By Alex Gehrlein ’19
Pawel Pawlikowski’s film is a very quick slow burn. It has all the hallmarks of a very slow, steady, simmering drama, but is packed into an unusually low runtime of only 89 minutes. This necessitates a very interesting style wherein every moment is essential to telling the story at its bare minimum, but is delivered through very minimal action. It’s told not in broad strokes, but little details that add up to an impressive whole.
Set primarily in Poland during World War II, Cold War follows the turbulent romance of Wicktor and Zula, a composer and performer working for the same theater company. Encompassing fifteen years of their involvement together, the film jumps from year to year without notice, giving us the most compact possible way to tell this story. The two leads are fantastic, with a magnetically charming performance from Joanna Kulig, and a cooly subdued turn from Tomasz Kot. Both express the characters’ emotions in very different ways, but seem to fit together perfectly. Without their chemistry, the film could easily fumble from lacking support.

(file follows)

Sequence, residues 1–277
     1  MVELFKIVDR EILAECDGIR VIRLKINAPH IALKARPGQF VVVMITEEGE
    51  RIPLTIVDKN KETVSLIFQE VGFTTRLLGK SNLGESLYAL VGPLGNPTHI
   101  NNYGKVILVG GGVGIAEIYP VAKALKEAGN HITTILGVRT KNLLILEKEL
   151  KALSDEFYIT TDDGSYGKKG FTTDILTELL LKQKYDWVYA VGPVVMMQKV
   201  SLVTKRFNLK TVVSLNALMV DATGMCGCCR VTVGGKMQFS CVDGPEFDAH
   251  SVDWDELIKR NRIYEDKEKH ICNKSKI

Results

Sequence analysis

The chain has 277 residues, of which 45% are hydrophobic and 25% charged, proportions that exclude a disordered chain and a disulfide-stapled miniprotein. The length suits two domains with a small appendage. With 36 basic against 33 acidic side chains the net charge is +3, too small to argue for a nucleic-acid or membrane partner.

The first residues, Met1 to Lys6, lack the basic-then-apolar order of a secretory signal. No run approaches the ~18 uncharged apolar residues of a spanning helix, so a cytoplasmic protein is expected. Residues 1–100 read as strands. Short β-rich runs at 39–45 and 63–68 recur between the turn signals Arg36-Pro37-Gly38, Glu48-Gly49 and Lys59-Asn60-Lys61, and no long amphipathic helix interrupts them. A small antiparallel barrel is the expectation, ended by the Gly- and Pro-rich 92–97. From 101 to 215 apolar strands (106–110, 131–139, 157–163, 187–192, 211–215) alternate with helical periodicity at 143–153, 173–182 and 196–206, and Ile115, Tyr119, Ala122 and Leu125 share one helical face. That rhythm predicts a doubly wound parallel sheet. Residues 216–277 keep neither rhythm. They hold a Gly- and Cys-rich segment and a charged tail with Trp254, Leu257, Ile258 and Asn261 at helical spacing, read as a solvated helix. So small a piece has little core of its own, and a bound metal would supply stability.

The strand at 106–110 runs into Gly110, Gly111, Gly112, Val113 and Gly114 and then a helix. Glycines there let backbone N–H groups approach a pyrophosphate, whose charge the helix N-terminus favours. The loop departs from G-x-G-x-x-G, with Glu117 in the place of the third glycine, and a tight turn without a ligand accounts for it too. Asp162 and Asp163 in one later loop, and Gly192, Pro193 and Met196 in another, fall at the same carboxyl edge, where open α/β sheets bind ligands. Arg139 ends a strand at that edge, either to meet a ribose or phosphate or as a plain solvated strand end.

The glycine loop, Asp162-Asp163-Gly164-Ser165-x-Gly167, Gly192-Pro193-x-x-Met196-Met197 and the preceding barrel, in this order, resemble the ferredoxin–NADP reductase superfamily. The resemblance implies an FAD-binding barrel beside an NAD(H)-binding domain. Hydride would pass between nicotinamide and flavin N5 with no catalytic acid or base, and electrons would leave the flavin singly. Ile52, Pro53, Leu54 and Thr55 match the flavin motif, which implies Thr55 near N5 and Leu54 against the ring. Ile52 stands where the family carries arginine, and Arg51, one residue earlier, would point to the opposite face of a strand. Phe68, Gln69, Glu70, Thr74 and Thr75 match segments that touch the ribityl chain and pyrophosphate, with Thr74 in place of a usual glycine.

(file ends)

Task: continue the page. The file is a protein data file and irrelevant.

The strangest, most touching detail of the film is that the story is based around Pawlikowski’s parents’ real life relationship. Certain events make it clear that the story is not a direct account, but the lead characters’ names and temperaments seem to have been pulled directly from the director’s life. This lends a very personal tone to the film, which only helps to bring us in on the romance.
The film is interesting in that it does so much within its runtime that it must be uniquely purposeful with its storytelling. It simply doesn’t give itself the time to go that far in depth, so personal touches and onscreen charisma go a long way in communicating what isn’t given time to develop of its own course.
My biggest problem with the film is that I feel it could have been served well by another fifteen to twenty minutes to get to know these characters. It is impressive how well their personalities are defined in the time we’re given with them, but more time could only help to bring us in closer. Certain gaps in the timeline left me wanting some sort of bridge to cross them, but Pawlikowski seems hellbent on fast tracking the film to its admittedly impactful conclusion. It should be taken as both a criticism and a complement to say that this film left me wanting to know so much more about its characters.